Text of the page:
Talk:Mythic Beast (3.5e Race)/Dire Flame Skunk
From Dungeons and Dragons Wiki
- Without knowing what you're delving into here. Trivia Time!
- Some time in late 2013 or 2014 after a session, chatting with players and DM, legendary beasts came up as a topic, and how there must be beasts that are terrifying, but also kinda stupid and not really the thing you defeat and gain fame and fortune for doing so. The "dire flame skunk" was the prime example as provided by our DM at the time.
- The beast's name was also chosen as "dire flame skunk" instead of the rhyme-ier "dire fire skunk" because even the name is awkward.
- "The beast turned its fluffy tail and I raised my shield, but instead of a foul retort, it burned with a most sulfurous and dread fume!" is an elaborate way of putting you "it burned and it wouldn't wash off for weeks, the town wouldn't let me back in".
- A lot of terrifying D&D monsters get mocked for being goofy, often with little justification, because the "cooler" tryhard monsters out there make them feel out of place, when its the goofy things that really help tie the setting together and when you've got a group of people gathered around with snacks, fun is priority, with however you can find it. --Ganteka Future (talk) 18:07, 26 March 2020 (UTC)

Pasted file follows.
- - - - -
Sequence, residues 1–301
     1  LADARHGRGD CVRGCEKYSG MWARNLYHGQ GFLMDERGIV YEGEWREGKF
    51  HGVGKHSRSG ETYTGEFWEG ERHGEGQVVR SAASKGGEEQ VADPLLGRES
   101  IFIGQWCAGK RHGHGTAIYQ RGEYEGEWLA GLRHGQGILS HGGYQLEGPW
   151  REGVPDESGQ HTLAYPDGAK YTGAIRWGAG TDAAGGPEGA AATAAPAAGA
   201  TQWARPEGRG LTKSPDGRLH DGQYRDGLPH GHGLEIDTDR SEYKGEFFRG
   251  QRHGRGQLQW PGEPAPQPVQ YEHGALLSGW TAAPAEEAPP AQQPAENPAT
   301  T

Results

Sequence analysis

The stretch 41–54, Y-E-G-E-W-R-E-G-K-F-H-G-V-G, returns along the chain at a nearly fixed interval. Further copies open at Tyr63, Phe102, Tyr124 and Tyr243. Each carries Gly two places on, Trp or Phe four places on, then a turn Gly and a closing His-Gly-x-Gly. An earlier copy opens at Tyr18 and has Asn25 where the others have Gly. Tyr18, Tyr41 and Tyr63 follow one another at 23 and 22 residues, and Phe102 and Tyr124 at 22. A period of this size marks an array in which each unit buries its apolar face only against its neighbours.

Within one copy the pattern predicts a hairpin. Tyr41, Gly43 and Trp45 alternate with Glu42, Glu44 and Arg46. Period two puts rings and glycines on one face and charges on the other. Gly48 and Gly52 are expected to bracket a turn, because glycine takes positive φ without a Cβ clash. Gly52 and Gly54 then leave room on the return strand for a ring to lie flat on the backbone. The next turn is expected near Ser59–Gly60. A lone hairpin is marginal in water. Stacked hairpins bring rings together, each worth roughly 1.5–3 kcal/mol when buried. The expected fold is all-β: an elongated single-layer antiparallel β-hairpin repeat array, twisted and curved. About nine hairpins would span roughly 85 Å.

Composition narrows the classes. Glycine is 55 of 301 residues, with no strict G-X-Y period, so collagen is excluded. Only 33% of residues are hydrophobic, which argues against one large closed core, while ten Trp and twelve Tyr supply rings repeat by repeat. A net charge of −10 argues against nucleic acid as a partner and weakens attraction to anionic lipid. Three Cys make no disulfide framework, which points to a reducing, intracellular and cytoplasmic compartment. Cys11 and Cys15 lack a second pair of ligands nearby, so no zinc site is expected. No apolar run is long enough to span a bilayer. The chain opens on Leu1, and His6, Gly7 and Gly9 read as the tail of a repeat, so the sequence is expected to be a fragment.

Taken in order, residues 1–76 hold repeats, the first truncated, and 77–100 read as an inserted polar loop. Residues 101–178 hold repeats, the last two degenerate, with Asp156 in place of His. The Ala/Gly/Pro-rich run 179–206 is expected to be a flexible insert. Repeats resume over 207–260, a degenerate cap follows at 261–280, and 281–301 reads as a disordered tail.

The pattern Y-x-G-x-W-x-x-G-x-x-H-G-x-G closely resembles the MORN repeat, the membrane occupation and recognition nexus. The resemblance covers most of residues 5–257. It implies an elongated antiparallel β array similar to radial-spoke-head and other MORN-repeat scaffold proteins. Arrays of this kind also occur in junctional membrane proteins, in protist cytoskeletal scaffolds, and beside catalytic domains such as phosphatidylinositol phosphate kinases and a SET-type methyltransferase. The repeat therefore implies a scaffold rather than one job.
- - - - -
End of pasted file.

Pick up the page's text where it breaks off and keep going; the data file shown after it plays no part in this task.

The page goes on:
- Skunks are my favorite animal, so I feel like bookmarking this, I might actually play as a dire flame skunk in the future... though this isn't for the newest edition of Dungeons & Dragons so I'm not sure if I'll be able to play it. Also, can you complete the "Weight Modifier" part of the table? I noticed it was missing some numbers. Tag365 (talk) 05:13, 16 April 2020 (UTC)
- Oh! Well, I don't know how to convert things for 5e. But, what I can say about the height and weight tables is that they are accurate but highly unintuitive in how they're supposed to work and it took me longer than I care to admit to understanding them. So, to generate random height and weight, you roll your number for the random height modifier and you remember your result. You then use that number to add to your height. You then take the first number you rolled and you multiply it (in this case) by the number in the weight modifier. For example, let's say you're making the Dire Flame Skunk Brood Matron or whatever, so you roll 2d4 for the random height modifier, getting... 3 (I rolled). So, her height at the shoulder is 3'9". Now, for the weight, we roll another 2d4 (getting a 5 this time) and multiply that by our original 3 we rolled, adding 15 pounds onto the base for a total of 135 pounds for our fierce lady. --Ganteka Future (talk) 05:28, 16 April 2020 (UTC)